Oxidative Stress, Nrf2, and Epigenetic Modification Contribute to Anticancer Drug Resistance
Toxicological Research 2017;33:1−5
Published online January 15, 2017;  https://doi.org/10.5487/TR.2017.33.1.001
© 2017 Korean Society of Toxicology.

Kyoung Ah Kang, and Jin Won Hyun

Department of Biochemistry, School of Medicine, Jeju National University, Jeju, Korea
Jin Won Hyun, Department of Biochemistry, School of Medicine, Jeju National University, 102 Jejudaehakro, Jeju 63243, Korea, E-mail: jinwonh@jejunu.ac.kr
Received: September 19, 2016; Revised: November 24, 2016; Accepted: December 2, 2016
This is an Open Access article distributed under the terms of the Creative Commons Attribution Non-Commercial License (http://creativecommons.org/licenses/by-nc/3.0) which permits unrestricted non-commercial use, distribution, and reproduction in any medium, provided the original work is properly cited.

Nuclear factor E2-related factor 2 (Nrf2), a transcription factor, controls the expression of genes encoding cytoprotective proteins, including antioxidant enzymes that combat oxidative and electrophilic stress to maintain redox homeostasis. However, recent studies demonstrated that, in cancer, aberrant activation of Nrf2 by epigenetic alterations promotes high expression of cytoprotective proteins, which can decrease the efficacy of anticancer drugs used for chemotherapy. In this review, we summarize recent findings regarding the relationship between oxidative stress, Nrf2, epigenetic modification, and anticancer drug resistance, which should aid in development of new strategies to improve chemotherapeutic efficacy.

Keywords : Anticancer drug resistance, Oxidative stress, Nrf2 transcription factor, Epigenetic modification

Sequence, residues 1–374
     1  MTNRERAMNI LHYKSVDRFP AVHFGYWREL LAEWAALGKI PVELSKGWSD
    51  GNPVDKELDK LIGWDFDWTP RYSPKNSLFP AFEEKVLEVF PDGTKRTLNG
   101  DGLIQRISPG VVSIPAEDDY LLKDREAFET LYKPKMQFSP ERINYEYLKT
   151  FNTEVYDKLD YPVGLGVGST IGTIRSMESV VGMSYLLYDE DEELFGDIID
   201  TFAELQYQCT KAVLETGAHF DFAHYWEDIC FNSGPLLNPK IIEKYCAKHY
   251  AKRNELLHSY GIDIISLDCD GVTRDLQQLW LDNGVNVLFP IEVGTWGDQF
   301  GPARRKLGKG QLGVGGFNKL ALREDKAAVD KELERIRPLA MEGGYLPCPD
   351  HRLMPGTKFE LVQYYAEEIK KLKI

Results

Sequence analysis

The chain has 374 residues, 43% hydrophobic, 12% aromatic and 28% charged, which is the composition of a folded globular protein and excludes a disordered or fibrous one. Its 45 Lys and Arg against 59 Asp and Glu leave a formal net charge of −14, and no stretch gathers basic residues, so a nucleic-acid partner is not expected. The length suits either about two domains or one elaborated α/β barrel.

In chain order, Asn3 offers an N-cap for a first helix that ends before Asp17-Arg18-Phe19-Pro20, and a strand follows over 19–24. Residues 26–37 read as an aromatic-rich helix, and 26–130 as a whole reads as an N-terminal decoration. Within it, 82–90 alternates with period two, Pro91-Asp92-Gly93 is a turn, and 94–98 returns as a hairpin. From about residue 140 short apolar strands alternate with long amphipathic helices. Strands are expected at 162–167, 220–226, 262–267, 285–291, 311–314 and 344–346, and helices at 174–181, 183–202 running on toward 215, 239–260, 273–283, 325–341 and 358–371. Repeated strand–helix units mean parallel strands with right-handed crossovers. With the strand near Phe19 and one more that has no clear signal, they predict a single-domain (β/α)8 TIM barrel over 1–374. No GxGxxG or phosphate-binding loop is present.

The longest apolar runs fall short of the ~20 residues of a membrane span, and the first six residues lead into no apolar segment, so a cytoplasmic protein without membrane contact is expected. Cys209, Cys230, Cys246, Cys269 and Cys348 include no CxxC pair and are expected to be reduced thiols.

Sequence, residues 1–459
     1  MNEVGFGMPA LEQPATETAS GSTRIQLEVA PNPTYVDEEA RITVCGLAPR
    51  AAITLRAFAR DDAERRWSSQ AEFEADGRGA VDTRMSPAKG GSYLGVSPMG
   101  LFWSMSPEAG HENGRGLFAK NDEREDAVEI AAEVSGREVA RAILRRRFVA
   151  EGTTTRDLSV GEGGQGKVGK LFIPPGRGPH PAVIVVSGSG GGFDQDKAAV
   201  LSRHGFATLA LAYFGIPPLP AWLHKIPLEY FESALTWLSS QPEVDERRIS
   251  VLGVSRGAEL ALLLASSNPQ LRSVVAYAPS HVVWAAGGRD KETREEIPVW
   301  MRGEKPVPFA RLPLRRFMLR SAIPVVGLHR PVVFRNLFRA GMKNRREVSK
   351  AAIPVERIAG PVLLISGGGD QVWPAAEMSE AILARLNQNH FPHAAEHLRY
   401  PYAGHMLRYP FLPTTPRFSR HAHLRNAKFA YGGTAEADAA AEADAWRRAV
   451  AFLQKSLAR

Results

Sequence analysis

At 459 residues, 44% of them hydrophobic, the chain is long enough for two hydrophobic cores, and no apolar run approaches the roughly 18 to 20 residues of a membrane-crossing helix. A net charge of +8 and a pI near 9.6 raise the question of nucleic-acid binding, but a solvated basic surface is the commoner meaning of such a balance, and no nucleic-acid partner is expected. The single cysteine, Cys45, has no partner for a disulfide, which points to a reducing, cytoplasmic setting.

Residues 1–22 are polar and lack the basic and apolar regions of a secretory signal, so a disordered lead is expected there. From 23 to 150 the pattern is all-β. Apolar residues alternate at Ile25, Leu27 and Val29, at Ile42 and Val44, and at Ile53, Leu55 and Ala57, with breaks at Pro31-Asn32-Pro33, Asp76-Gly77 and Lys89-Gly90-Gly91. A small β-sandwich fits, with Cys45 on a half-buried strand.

Nuclear factor E2-related factor 2 (Nrf2), a transcription factor that regulates multiple antioxidant and detoxifying enzymes, is primarily involved in adaption to various cellular stresses. High Nrf2 activity makes a critical contribution to cancer cell resistance to various anticancer therapies (1,2). Epigenetic modifications, which are heritable alterations in gene expression not accompanied by changes in the primary DNA sequence, are intimately involved in oxidative stress and Nrf2 expression (3). In this review, we discuss the latest findings regarding epigenetic regulation of Nrf2 expression by DNA demethylation and histone methylation in 5-fluorouracil-resistant cells. Studies of the epigenetic modification in Nrf2 expression will provide new candidate therapeutic targets for anticancer drug resistance.


Anticancer drugs rely primarily on induction of cell death via apoptosis, mitotic catastrophe, or premature senescence. However, anticancer drug resistance and dose-limiting toxicities are major obstacles to achieving successful cancer chemotherapy (4). The mechanisms underlying the development of anticancer drug resistance are complex and often involve activation of antioxidant or detoxifying enzymes (5,6). Studies of anticancer drug resistance have yielded valuable information about how to improve cancer chemotherapy by circumventing such resistance.